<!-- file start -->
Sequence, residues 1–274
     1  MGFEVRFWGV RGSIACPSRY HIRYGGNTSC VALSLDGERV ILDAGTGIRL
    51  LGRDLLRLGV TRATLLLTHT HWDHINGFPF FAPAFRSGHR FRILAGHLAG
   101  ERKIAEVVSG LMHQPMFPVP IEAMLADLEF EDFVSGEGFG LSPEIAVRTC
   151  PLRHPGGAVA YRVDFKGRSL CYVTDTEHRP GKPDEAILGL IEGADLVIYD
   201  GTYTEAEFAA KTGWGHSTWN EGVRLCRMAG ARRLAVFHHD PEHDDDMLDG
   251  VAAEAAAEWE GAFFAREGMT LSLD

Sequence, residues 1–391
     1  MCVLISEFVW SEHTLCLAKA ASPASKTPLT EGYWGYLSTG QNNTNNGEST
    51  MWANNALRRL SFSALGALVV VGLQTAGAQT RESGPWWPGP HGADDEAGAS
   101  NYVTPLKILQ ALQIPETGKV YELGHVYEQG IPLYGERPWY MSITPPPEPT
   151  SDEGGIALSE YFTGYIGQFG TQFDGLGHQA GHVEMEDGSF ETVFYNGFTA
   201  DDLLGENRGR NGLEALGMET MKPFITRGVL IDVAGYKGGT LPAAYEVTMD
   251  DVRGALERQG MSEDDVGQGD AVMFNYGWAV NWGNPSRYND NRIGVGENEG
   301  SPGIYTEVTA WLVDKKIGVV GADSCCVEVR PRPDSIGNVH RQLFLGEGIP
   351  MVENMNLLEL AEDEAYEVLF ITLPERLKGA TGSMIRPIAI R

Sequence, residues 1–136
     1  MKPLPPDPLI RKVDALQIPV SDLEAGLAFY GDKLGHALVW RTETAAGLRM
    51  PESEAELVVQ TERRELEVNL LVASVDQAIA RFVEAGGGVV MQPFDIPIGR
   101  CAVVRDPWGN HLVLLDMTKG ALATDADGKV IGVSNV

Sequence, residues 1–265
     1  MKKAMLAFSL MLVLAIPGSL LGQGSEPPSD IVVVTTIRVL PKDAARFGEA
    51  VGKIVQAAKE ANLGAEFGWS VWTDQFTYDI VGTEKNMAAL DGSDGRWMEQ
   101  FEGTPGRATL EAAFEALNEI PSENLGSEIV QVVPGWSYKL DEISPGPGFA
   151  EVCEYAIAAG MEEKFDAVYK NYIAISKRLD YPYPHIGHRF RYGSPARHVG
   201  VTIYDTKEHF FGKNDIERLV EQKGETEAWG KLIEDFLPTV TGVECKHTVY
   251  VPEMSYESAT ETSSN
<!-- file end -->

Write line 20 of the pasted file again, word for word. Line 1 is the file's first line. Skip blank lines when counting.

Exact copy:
   101  CAVVRDPWGN HLVLLDMTKG ALATDADGKV IGVSNV